Consolidated Gold Fields
|Rudolph Agnew (Chairman)|
The Company was founded in 1887 and incorporated in London to fund the newly discovered gold reefs in the Transvaal. By 1900 it had already started to diversify outside South Africa. After 1945 it acquired mines in the United States and Australia. Until the 1970s, it was predominantly a mining finance house receiving income from passive investments. In 1970 A.R.O. Williams O.B.E, who was then Managing Director, retired.
After the 1970s it transformed itself into natural resource group concentrating on a relatively small number of minerals. The company had three major wholly owned subsidiaries: ARC Ltd, Gold fields Corporation and ARC America, both in the United States.
Consolidated Gold Fields played a key role in ending apartheid in South Africa; Michael Young, the company's public affairs director embarked on the controversial course of initiating secret discussions between the South African government and the ANC at Mells Park House in the company's estate in Somerset. This ultimately resulted in the release of Nelson Mandela in 1990 and the handover of power to majority rule: the events are described in book The Fall of Apartheid by Robert Harvey and the 2009 television film "Endgame".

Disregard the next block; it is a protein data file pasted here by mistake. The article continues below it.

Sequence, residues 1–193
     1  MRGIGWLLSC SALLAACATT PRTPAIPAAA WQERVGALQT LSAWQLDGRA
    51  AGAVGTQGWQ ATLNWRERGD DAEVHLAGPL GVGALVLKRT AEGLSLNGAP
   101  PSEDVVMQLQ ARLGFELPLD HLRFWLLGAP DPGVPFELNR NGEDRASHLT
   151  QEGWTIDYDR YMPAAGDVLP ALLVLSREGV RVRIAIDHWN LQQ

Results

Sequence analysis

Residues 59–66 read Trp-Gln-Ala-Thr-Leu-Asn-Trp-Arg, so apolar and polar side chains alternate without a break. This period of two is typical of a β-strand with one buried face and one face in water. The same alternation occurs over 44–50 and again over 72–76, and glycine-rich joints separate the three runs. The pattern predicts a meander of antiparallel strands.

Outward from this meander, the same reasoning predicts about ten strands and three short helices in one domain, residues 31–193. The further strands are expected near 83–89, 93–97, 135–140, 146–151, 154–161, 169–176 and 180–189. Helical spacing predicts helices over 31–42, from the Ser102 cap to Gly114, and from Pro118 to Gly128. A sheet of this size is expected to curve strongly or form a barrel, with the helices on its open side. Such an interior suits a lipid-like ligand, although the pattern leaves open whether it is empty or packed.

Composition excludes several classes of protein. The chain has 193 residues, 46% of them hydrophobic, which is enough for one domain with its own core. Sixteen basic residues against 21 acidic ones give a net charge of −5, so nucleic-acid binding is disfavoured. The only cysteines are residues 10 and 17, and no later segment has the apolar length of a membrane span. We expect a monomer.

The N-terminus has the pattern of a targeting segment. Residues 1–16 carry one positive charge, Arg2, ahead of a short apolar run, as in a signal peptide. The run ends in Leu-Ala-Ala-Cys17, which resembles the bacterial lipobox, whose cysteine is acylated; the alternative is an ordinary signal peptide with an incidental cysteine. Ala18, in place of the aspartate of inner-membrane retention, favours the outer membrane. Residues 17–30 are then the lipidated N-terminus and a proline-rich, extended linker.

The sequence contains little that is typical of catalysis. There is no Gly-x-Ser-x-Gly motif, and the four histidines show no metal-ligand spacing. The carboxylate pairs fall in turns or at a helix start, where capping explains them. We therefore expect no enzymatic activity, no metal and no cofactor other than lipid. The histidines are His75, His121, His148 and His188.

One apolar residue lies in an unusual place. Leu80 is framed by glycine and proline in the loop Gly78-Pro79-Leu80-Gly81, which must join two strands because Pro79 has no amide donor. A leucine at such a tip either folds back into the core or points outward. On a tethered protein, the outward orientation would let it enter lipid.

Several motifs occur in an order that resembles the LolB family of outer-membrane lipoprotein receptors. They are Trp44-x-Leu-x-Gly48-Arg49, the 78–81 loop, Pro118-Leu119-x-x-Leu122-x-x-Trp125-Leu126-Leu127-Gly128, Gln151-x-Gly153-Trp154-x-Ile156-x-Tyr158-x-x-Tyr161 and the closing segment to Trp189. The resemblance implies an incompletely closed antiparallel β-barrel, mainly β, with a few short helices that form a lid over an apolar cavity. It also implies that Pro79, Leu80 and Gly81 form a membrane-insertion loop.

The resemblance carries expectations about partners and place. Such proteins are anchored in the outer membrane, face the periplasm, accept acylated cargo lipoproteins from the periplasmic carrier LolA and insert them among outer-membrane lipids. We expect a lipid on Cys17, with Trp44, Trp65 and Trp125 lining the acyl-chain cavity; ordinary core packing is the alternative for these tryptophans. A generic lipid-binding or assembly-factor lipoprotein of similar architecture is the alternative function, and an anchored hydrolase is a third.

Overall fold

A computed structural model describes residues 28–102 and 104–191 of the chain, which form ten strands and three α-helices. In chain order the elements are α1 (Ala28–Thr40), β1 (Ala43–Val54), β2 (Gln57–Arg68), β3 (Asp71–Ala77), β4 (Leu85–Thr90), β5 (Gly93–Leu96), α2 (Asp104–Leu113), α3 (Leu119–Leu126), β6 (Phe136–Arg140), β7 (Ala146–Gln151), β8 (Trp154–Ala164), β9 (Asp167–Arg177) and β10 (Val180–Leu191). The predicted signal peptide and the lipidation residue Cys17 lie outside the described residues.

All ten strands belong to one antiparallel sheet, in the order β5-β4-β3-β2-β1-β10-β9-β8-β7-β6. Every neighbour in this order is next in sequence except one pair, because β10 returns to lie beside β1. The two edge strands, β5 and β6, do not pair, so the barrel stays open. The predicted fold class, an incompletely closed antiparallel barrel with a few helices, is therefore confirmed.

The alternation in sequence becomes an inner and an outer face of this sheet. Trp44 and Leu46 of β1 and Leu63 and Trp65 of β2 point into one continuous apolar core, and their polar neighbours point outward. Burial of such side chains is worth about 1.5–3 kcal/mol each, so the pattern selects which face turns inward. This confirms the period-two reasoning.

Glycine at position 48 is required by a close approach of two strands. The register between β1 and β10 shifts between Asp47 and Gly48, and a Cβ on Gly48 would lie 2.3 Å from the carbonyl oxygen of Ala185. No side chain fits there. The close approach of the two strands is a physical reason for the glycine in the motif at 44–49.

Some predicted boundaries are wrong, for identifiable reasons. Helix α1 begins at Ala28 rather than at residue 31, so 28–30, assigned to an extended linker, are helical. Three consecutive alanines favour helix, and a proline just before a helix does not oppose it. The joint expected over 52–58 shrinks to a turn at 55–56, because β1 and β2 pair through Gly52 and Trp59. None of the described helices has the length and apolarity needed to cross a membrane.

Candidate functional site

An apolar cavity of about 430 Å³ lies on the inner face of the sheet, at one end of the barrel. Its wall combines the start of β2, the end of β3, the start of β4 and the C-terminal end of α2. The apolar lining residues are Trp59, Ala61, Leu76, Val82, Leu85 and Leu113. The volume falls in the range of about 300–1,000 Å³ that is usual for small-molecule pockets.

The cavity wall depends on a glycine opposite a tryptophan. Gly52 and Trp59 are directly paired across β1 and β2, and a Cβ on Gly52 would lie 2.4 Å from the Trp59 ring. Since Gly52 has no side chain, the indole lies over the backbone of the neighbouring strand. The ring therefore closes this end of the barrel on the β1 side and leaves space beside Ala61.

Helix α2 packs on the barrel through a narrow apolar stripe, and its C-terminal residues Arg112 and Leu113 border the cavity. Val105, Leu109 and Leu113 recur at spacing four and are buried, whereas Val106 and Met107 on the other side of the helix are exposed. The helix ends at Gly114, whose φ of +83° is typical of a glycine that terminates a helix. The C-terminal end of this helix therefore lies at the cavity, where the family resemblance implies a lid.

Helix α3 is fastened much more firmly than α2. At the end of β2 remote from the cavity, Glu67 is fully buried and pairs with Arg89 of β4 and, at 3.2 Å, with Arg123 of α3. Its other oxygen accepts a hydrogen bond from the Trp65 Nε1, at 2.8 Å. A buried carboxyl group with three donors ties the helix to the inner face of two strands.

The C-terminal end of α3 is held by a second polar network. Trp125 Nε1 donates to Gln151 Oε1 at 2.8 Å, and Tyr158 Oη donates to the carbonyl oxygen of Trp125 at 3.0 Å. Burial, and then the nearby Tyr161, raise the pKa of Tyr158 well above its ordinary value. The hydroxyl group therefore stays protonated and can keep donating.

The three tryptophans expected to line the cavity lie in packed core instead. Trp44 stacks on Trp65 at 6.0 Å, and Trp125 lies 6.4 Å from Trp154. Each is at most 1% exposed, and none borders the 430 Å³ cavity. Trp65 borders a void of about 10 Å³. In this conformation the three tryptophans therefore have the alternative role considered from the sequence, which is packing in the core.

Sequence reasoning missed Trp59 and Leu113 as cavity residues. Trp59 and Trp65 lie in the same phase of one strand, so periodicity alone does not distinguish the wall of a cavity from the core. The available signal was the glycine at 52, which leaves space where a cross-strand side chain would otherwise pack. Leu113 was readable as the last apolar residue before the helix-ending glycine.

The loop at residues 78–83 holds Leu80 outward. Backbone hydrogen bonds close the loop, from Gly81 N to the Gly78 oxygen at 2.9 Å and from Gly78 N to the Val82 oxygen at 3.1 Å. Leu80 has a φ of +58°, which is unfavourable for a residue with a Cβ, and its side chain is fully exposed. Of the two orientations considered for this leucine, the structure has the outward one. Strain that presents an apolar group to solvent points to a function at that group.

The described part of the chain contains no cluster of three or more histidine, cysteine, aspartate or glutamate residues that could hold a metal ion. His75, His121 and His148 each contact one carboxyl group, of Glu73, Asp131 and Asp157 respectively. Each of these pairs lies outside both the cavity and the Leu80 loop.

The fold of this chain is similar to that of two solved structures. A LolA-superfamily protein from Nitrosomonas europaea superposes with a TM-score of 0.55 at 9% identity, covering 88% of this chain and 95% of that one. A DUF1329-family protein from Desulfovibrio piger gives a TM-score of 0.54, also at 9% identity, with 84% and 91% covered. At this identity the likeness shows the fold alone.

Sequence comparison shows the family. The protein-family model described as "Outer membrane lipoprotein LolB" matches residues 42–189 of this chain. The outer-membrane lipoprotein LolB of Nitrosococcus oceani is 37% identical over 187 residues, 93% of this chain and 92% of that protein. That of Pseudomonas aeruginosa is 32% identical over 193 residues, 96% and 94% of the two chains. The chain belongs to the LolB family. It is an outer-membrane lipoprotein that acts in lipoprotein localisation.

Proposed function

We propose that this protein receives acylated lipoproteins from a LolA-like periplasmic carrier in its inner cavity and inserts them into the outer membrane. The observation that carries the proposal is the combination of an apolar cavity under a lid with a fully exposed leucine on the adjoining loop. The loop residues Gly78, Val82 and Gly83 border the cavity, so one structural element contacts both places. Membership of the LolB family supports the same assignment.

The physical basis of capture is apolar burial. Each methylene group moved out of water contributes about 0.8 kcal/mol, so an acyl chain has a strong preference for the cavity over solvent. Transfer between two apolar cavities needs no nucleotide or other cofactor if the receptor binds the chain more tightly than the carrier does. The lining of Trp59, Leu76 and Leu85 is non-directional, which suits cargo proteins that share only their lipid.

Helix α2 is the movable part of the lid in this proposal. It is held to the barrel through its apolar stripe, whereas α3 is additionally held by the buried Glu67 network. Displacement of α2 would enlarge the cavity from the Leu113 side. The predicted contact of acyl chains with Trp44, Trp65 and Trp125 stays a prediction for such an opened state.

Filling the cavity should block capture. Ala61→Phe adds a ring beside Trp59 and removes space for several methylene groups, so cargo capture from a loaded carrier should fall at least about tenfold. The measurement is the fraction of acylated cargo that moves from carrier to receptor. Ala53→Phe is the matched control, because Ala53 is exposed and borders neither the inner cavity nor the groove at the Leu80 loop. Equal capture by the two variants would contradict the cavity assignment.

Demise of the businessEdit
- Monopolies & Mergers Commission Report into potential acquisition of Consolidated Gold Fields by Minorco[permanent dead link]
- "ARO Williams OBE Obituary". J. Inst South African Mining and Metallurgy: 300. September 1989.
- Gold Miner Weighs South Africa Move New York Times, 14 September 1988
- Judge blocks Minorco's bid for Consolidated Gold Fields New York Times, 25 October 1988
- Briton who helped end South Africa's apartheid The Times, 4 May 2009
- Obituary: Lord Hanson The Times, 3 November 2004